Nicole Runyon

The Burden of College Prep: Are Today’s Parents Doing Too Much?

I was recently attending a school event for my son, mingling with fellow parents, and discussing their mounting anxiety about their children’s higher education. As our conversation unfolded, it became clear that these parents were overwhelmed by the responsibilities that come with the transition from high school to college. The list of concerns and tasks they shared was extensive, reflecting the heightened stress and anxiety that many parents face in the current educational landscape.

For these parents, their worries ranged from the constant concern over high school grades, particularly the pivotal junior year, to the pressure of SAT prep courses and the endless cycle of test retakes. Some shared stories of pursuing diagnoses for test accommodations, tirelessly building their children’s resumes with extracurricular activities, and embarking on college tours, applications, and the rollercoaster ride of acceptance and rejection.

The anxiety doesn’t end with acceptance. Parents find themselves navigating college decision day, helping their children find roommates, and even assisting in designing dorm rooms. Social issues with roommates and requests for therapist letters for accommodations like single rooms and air conditioners further compound the stress. These concerns seem endless, and the burden on parents can become overwhelming.

In many cases, the question that arises is, “Why are parents shouldering so much of this responsibility, and why are they the ones feeling anxious?”

The transition to college is a significant milestone for any young adult, and parents undoubtedly play a vital role in supporting their children through this process. However, it’s crucial to consider whether the level of involvement exhibited by some parents is hindering their children’s growth into independent, capable individuals.

Parents often argue that they are actively involved because their children wouldn’t meet deadlines or succeed in getting into college without their assistance. While this may be true in some cases, it raises a concerning issue: if young adults require this level of support to enter college, it may indicate that they are not fully prepared for the challenges and responsibilities that come with higher education.

The transition from high school to college should be an opportunity for young adults to demonstrate their independence, decision-making abilities, and problem-solving skills. If parents are too heavily involved in the process, it robs young adults of the chance to develop these crucial life skills.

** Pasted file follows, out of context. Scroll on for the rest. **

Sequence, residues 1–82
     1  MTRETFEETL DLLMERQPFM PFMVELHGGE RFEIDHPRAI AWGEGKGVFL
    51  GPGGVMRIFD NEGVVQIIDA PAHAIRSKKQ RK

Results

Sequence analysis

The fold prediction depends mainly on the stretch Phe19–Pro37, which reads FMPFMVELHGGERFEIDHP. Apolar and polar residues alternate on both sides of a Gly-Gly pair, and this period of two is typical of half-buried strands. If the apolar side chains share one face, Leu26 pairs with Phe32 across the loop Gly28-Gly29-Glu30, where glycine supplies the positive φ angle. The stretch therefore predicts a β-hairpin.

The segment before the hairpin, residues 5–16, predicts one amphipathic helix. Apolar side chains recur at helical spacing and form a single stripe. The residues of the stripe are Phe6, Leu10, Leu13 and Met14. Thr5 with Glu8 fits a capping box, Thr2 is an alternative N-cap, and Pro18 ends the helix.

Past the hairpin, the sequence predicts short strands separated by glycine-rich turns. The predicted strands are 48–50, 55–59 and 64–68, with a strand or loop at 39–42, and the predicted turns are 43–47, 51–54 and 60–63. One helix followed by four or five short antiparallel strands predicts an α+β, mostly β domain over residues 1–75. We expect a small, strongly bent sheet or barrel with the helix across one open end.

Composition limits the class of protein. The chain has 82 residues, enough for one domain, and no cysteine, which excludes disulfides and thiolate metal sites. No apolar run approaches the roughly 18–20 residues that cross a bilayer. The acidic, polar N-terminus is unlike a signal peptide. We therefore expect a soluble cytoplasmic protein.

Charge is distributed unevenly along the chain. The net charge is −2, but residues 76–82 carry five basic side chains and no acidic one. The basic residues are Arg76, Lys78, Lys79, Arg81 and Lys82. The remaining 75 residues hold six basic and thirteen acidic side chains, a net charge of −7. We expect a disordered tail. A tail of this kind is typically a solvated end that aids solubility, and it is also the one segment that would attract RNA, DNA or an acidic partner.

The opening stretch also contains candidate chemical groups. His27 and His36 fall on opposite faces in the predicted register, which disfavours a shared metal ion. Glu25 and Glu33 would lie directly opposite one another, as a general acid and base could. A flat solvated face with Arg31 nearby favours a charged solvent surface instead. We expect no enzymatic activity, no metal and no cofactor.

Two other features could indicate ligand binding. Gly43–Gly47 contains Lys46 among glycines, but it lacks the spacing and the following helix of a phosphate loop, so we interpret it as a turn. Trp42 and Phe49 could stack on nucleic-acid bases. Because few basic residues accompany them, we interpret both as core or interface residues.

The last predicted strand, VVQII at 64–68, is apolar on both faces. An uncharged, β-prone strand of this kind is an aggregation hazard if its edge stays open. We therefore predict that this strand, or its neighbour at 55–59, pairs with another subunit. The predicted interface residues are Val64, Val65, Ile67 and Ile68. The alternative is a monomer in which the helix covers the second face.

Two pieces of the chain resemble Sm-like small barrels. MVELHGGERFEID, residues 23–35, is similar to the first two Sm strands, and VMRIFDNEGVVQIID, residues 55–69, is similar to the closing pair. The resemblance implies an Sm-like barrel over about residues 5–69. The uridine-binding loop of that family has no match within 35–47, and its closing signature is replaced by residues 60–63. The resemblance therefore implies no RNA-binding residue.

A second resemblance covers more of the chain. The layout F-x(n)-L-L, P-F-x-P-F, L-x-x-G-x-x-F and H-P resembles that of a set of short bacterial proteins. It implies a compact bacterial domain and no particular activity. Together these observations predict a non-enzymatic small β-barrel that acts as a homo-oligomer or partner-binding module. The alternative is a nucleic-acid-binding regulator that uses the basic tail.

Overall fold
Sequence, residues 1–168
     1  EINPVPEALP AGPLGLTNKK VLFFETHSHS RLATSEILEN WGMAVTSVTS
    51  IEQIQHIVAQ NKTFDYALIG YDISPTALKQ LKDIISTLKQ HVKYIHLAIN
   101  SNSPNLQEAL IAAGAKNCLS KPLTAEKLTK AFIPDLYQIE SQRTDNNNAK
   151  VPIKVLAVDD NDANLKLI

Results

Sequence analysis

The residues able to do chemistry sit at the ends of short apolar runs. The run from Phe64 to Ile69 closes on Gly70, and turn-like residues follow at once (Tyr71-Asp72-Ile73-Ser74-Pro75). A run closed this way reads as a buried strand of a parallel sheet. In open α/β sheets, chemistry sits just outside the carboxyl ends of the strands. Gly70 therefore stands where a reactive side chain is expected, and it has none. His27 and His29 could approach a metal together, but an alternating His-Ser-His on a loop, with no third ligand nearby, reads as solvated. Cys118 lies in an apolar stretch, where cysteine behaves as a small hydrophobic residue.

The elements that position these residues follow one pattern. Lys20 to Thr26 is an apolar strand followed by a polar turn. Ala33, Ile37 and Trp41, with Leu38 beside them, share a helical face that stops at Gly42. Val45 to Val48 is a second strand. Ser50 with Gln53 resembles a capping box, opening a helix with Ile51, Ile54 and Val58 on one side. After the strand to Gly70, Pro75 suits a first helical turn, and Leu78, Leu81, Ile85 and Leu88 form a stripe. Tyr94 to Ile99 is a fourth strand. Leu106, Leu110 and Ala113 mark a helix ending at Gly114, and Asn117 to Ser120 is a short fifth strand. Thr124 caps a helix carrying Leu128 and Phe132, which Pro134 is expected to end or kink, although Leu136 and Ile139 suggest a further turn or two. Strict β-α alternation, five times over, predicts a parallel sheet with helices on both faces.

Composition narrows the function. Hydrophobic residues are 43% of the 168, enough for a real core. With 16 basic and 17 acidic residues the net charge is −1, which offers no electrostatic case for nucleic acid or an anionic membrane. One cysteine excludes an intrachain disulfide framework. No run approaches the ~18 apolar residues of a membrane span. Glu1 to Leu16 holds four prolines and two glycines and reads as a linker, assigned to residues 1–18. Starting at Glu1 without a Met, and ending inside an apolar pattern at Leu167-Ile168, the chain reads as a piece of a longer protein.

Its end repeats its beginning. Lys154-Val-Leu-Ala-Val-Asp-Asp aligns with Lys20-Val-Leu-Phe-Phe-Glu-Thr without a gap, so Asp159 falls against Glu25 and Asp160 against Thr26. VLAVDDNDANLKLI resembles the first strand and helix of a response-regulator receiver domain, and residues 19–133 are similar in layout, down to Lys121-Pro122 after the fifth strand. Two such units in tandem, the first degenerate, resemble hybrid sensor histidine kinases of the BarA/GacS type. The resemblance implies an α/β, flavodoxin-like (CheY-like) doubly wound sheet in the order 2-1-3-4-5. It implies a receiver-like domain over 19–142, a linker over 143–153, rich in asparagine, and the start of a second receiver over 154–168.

This over-involvement can persist even after students enter college. Parents report that their children cannot make it through the day without calling them for advice or help multiple times. These young adults find themselves ill-equipped to handle the challenges of college life independently, which leads to increased stress and anxiety.

It’s no wonder that college campuses are reporting epidemic levels of mental health issues among students, leading to a growing demand for wellness programs and increased therapist staffing. However, these measures alone cannot fully address the problem. True independence and autonomy are crucial for the psychological well-being of young adults.

The roots of independence and autonomy should be nurtured from an early age. Children should be encouraged to tie their shoes, zip up their coats, dress themselves, and perform simple tasks independently. These activities foster confidence and agency in the outside world, helping with social and emotional development as they interact with their peers.

While it’s never too late to encourage independence, young adults can also learn these skills through discomfort. They must be allowed to experience the challenges of doing hard things and tolerating discomfort to develop the resilience needed for the rigors of college life.

In conclusion, the increasing stress and anxiety experienced by parents over their children’s higher education are symptomatic of a broader issue. While parents undoubtedly play a vital role in supporting their children’s educational journey, they must strike a balance between involvement and fostering independence. By allowing young adults to take charge of their own futures and make their own decisions, parents can help prepare them for the challenges of college and beyond, ultimately leading to a healthier transition to adulthood.

Meet Nicole Runyon

Nicole Runyon is a psychotherapist, parent coach and keynote speaker. Picture this: a woman 5”0 tall in stature, she is small but mighty. 

What’s truly remarkable? She left her private practice working with children to speak to and write for parents who need help with their iGeneration children. Renowned for bold messages, Nicole is more than your average psychotherapist, she is a revolutionary. 

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